int literal. That value is moved to the eax 32-bit register, followed by the code that all
functions use to return to the caller (callee epilogue). The second feature is the binary
code of a function invocation (caller epilogue) followed by a cwde instruction. Since
cwde converts the signed integer representation from ax (16 bits) to eax (32 bits), the
target class in the dataset is set to the short high-level type (Section 4.3 explains how
the dataset is built).

Generation of
               supervised machine
                 learning models

                                    Figure 2: System architecture.

    After creating the dataset, the system trains different classifiers following the method-
ology described in Section 5. The forthcoming subsections detail each of the modules
in the architecture.

4.1. Instrumentation
    As mentioned, much high-level information is discarded in the compilation process.
One example is the association between a high-level return statement and its related
assembler instructions. There is not a direct way to identify the binary code gener-
ated for a return statement. For this reason, our instrumentation process includes
no-operational code around some syntactic constructs in the input C program. The
instrumented code does not change the semantics of the program, but help us find the
binary code generated for different high-level code snippets.
    The left-hand side of Figure 3 shows an example of an original C function, and its
right-hand side presents the instrumented version. The function dummy performs no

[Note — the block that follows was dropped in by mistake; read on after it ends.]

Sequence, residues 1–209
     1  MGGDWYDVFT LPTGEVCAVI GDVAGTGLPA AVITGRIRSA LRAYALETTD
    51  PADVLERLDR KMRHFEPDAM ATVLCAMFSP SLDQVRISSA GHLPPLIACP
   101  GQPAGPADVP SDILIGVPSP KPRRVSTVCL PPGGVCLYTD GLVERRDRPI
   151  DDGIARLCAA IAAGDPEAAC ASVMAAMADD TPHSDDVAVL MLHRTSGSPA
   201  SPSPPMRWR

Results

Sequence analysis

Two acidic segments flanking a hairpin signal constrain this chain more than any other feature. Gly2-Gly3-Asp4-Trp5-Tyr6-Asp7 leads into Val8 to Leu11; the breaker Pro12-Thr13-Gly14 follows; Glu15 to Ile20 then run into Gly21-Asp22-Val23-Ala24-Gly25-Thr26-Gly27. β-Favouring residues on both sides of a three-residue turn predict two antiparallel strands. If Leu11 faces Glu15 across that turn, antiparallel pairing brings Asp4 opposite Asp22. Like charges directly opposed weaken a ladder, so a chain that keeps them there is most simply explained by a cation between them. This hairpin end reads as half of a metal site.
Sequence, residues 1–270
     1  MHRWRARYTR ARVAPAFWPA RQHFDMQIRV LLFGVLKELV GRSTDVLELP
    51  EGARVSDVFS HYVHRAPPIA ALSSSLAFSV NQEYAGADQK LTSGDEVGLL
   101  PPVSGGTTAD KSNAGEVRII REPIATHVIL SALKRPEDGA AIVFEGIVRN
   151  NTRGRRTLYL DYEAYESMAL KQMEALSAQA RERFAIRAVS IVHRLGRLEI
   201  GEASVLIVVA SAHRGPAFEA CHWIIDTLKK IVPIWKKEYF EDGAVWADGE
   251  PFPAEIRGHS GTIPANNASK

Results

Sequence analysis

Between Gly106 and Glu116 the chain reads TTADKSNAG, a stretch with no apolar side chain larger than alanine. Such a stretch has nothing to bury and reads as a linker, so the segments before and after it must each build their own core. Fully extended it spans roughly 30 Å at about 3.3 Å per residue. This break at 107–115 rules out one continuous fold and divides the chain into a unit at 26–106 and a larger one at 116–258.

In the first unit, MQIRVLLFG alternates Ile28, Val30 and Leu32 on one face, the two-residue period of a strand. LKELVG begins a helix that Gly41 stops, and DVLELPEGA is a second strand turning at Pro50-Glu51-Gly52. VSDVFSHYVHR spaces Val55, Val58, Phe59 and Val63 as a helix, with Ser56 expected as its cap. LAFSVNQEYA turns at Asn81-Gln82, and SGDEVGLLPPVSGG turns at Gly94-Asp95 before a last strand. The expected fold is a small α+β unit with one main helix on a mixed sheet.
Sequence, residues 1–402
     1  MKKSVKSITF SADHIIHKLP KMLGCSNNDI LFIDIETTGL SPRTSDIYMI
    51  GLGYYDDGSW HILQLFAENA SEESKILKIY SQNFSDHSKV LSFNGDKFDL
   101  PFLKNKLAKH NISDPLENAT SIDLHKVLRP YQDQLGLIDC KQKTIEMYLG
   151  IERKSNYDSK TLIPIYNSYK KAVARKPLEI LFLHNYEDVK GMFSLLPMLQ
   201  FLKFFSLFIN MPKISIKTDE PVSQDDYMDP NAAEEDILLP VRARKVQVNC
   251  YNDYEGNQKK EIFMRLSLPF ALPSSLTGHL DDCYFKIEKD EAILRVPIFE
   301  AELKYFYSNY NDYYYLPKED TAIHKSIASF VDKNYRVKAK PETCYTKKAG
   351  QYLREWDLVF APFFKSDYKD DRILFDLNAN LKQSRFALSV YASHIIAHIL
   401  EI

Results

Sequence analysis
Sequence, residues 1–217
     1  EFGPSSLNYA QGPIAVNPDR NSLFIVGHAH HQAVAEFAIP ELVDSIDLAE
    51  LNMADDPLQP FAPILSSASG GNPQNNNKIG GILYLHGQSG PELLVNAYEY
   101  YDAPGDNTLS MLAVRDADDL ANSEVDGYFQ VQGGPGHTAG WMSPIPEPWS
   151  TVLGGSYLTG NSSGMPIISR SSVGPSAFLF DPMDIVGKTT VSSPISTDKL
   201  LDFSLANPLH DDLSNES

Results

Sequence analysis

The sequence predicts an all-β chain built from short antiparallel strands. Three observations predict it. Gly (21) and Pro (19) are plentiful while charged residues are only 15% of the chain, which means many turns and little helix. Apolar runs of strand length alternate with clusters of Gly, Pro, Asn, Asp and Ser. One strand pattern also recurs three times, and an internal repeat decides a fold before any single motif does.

action. Its invocation is added to provide information about the name and return type
of the high-level function in the binary code.

(RET)              (POST CALL)
                          mov eax, literal   caller epilogue     ...   Return type
                          callee epilogue    cwde
                 func1             1                  0          ...       int
                 func2             0                  1          ...      short
                   ...            ...                ...         ...        ...
                funcn-1            0                  1          ...      short
                 funcn             0                  0          ...     double

                       Table 1: Example dataset generated by our system.

    char toupper(char c) {                    char toupper(char c) {
        if (c >= a && c = a && c
binary chunk
                                         RETURNn :

                 Figure 4: Different RET patterns taken from a binary chunk.

    The other kind of binary chunks we retrieve are the sequences of instructions after